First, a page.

54 nursing beds
By making simple architectural changes that help staff become more productive, Atrium Living Centers is keeping up with the ever-changing landscape of long-term care.
It is expected that future long-term nursing care will realize shorter resident stays, reimbursement that does not keep pace with the rising costs of care staff or reporting, and care outcomes that exceed today’s standards. As health and well-being architects, one of the few weapons that we have at our disposal to combat these realities, while maintaining a profit, is design efficiency. We must be able to do more with less, and that’s why Atrium Centers partnered with MKM to develop a licensed nursing care environment grounded in Lean planning principles.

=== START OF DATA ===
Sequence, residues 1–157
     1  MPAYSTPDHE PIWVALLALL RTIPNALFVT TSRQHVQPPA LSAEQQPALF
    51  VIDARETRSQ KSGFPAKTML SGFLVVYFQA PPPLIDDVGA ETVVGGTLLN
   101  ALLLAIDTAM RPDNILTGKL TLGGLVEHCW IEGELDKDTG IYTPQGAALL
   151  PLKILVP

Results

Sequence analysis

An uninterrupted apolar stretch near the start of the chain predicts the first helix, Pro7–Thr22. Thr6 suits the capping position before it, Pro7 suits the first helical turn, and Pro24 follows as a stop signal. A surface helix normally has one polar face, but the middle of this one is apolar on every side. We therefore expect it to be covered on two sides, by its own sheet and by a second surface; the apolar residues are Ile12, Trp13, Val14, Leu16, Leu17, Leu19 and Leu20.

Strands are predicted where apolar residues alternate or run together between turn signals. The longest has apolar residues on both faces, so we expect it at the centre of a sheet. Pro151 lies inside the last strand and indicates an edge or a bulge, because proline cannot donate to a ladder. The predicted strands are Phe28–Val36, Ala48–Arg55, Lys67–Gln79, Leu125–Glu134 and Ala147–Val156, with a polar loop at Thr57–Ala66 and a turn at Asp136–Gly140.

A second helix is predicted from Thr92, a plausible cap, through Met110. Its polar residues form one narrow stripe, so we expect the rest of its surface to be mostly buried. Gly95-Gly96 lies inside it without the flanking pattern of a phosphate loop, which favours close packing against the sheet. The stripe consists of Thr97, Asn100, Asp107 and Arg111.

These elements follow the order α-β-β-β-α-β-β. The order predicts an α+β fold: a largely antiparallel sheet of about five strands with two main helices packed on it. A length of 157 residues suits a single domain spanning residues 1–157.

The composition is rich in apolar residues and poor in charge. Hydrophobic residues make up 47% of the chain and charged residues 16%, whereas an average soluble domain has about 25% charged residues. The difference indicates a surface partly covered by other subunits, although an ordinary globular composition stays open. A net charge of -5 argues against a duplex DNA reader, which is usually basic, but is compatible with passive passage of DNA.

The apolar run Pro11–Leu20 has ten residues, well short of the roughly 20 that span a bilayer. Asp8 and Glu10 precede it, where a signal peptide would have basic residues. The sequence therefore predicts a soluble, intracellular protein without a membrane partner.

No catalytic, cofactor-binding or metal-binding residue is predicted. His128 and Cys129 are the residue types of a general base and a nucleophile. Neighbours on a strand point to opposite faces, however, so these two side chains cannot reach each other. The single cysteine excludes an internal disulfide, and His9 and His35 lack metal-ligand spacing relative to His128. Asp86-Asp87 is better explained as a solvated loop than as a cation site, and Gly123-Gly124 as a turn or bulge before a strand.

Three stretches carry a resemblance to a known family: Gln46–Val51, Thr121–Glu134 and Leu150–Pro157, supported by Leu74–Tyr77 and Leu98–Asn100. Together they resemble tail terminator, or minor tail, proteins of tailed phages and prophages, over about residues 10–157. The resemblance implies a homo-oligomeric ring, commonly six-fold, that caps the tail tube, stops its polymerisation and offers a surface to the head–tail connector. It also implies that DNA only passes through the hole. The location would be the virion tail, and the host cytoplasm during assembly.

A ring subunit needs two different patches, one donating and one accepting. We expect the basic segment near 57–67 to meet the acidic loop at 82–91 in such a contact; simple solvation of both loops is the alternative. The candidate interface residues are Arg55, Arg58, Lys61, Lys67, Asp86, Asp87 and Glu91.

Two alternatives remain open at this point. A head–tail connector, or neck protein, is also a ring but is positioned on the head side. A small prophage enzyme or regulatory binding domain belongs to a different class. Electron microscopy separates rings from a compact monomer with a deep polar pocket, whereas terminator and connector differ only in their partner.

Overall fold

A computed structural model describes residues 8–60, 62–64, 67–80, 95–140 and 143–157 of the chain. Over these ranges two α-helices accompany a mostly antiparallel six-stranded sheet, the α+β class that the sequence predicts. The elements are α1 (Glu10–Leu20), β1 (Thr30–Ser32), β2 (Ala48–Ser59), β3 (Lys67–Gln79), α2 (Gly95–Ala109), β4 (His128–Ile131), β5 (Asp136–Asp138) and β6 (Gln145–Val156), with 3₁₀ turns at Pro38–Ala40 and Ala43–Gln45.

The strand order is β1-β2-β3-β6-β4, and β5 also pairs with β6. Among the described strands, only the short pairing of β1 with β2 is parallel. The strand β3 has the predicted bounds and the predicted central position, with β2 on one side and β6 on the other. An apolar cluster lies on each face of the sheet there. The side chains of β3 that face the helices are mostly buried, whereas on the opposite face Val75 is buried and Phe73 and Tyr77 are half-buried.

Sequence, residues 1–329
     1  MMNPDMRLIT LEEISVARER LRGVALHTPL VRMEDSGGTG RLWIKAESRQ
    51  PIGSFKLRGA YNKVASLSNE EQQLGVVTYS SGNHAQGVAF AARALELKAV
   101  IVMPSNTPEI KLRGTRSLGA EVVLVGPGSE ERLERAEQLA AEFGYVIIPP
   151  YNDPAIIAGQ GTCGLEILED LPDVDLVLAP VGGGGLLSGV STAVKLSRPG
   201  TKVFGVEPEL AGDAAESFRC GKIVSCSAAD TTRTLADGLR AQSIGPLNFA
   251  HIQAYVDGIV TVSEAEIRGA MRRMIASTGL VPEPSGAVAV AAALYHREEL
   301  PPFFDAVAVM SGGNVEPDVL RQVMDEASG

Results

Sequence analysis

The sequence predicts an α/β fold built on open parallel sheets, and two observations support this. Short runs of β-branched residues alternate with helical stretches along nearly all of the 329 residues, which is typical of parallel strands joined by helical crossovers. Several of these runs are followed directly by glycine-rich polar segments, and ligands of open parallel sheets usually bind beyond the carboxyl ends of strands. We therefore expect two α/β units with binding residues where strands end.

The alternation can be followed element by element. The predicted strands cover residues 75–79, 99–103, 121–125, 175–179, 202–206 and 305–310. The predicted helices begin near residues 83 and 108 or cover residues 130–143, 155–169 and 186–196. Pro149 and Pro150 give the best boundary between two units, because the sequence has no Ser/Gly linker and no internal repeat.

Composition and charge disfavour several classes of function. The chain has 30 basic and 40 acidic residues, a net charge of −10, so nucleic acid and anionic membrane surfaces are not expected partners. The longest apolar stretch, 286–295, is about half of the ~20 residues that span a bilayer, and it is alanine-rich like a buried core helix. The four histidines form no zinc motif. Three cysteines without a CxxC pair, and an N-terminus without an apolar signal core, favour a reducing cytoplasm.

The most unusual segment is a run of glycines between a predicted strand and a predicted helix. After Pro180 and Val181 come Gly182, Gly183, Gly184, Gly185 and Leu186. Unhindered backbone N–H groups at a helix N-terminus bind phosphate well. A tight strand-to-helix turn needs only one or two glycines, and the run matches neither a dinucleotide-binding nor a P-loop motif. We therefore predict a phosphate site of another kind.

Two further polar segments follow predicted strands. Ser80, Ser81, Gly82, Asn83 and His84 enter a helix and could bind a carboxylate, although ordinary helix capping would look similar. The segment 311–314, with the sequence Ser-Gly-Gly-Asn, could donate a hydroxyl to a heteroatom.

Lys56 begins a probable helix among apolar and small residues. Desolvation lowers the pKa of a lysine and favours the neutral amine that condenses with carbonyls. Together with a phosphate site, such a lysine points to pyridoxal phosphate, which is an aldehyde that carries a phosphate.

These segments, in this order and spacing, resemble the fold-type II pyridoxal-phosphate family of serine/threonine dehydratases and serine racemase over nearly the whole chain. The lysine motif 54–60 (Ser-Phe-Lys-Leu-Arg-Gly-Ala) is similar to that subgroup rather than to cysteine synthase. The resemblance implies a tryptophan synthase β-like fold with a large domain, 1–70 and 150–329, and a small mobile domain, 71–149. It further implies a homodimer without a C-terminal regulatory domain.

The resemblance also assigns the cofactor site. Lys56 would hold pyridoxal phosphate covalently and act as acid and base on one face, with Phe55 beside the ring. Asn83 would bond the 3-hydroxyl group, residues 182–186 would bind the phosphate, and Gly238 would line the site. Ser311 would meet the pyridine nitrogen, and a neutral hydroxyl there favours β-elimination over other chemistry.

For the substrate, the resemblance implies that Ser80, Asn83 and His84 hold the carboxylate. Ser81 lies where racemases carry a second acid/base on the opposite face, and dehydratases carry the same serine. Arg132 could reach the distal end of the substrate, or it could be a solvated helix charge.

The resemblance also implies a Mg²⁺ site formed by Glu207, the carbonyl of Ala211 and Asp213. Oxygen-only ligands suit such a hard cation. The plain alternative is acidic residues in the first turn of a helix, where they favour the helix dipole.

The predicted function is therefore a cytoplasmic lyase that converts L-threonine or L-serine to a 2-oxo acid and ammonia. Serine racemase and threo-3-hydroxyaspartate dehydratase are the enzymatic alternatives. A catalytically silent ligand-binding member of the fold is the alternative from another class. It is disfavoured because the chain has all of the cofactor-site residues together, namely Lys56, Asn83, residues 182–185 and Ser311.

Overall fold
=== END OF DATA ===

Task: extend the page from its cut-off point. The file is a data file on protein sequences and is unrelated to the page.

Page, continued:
Atrium’s focus is based on evidence of consistent resident-to-staff ratios (while taking into consideration future resident needs), open staffing sightlines, and on the maximum number of steps required by staff to move from one end of the neighborhood to the other. There are numerous, repetitive daily tasks completed by nurses and assistants every day, including trips to the clean supply room, searching for the lifts, charting, and transporting incapacitated residents to dining, activities, and to the shower room. The design for the new Mallard Cove facility positions these regularly used supply spaces in the best possible way, helping minimize the walking distance to resident’s rooms – ideas that will serve as a standard prototype for future buildings currently being designed.
Atrium knows when we design buildings to be more efficient, we enable nursing staff to spend more time providing hands-on care and less time logging inefficient and repetitive tasks. We do too.
AIA, LEED AP, Principal
AIA, Senior Associate